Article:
The virtue of need-based financial aid as a mechanism for buying students is that we can calibrate the amount we have to pay to get the student based on a standard methodology for determining need. Then we offer the exact amount of need-based aid that will permit and encourage the student to attend. However, need-based aid only serves to buy talent from a pool of students who have financial need. Another pool of desirable students may not have any financial need, but nonetheless we want to buy their talent for our university. So we use merit aid. We will often find that success in purchasing the attendance of first rank students requires a combination of need-based and merit aid. By manipulating the amount we pay, we can buy just the right combination of student talent for our ideal student body profile.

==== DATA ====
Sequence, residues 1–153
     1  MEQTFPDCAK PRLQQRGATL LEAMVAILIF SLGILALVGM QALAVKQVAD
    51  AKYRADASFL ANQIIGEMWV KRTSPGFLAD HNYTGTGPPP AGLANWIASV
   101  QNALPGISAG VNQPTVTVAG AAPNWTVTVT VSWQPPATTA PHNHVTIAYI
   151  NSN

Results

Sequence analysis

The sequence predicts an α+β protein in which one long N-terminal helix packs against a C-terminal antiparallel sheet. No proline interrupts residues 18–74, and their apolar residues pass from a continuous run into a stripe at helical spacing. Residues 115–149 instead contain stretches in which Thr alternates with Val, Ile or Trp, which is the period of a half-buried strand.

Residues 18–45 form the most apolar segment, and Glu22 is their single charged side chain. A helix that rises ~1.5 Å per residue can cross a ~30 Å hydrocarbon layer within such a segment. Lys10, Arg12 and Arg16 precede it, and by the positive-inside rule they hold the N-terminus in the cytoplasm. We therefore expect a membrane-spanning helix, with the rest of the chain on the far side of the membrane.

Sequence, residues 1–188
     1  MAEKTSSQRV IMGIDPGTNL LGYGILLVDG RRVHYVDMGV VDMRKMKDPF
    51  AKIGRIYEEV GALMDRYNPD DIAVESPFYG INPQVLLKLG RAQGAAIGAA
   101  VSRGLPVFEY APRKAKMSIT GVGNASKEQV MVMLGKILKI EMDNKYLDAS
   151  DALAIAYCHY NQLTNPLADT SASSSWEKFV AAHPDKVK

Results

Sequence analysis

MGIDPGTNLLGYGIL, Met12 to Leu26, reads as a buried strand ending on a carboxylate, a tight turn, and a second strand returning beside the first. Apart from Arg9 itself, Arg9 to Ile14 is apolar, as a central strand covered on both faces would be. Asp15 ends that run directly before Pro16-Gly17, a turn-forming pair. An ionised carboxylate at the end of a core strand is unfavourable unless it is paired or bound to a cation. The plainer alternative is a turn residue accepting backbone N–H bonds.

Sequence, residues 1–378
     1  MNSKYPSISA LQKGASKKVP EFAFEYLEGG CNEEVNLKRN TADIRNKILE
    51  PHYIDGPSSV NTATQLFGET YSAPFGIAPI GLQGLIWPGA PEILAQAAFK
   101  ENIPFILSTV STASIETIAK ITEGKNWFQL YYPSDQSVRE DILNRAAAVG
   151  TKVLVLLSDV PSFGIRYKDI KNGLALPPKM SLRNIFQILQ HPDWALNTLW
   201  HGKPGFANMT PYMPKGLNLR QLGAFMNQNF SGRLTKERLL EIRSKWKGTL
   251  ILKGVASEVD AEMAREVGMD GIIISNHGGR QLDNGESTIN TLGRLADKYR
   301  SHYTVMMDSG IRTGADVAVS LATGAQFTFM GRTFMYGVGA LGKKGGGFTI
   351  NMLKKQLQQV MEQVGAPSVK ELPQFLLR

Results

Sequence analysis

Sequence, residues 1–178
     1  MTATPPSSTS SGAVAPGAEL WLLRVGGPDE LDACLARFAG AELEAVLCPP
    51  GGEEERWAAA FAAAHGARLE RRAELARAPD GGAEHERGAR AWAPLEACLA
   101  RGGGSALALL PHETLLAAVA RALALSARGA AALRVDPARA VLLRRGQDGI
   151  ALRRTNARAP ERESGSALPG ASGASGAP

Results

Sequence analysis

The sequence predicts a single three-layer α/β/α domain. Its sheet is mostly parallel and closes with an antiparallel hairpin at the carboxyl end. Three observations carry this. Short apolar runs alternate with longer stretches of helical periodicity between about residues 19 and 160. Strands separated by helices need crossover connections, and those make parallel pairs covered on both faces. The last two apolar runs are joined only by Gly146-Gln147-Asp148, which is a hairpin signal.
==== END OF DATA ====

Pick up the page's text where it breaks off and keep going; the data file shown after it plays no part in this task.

If we need women, we can use our aid funds to buy more talented women; if we need football players, we can buy those; if we need minority students, we can buy the mix we want; if we need a number of less wealthy students, we can buy just the number desired; or if we need engineering students, we can pay just enough to attract them. For small private elite institutions, this process is a highly specific activity because the number of students each college enrolls each year is quite small. For an elite college of 2000 students, perhaps 600 new students are needed each year. If we want to have 30% of them defined as “needy” and the definitions used can be quite generous, then we need to find 180 students from families with incomes under the definition (maybe 120K annual income) who also have exceptional qualifications and talent, and then using various forms of financial aid buy them for our student body.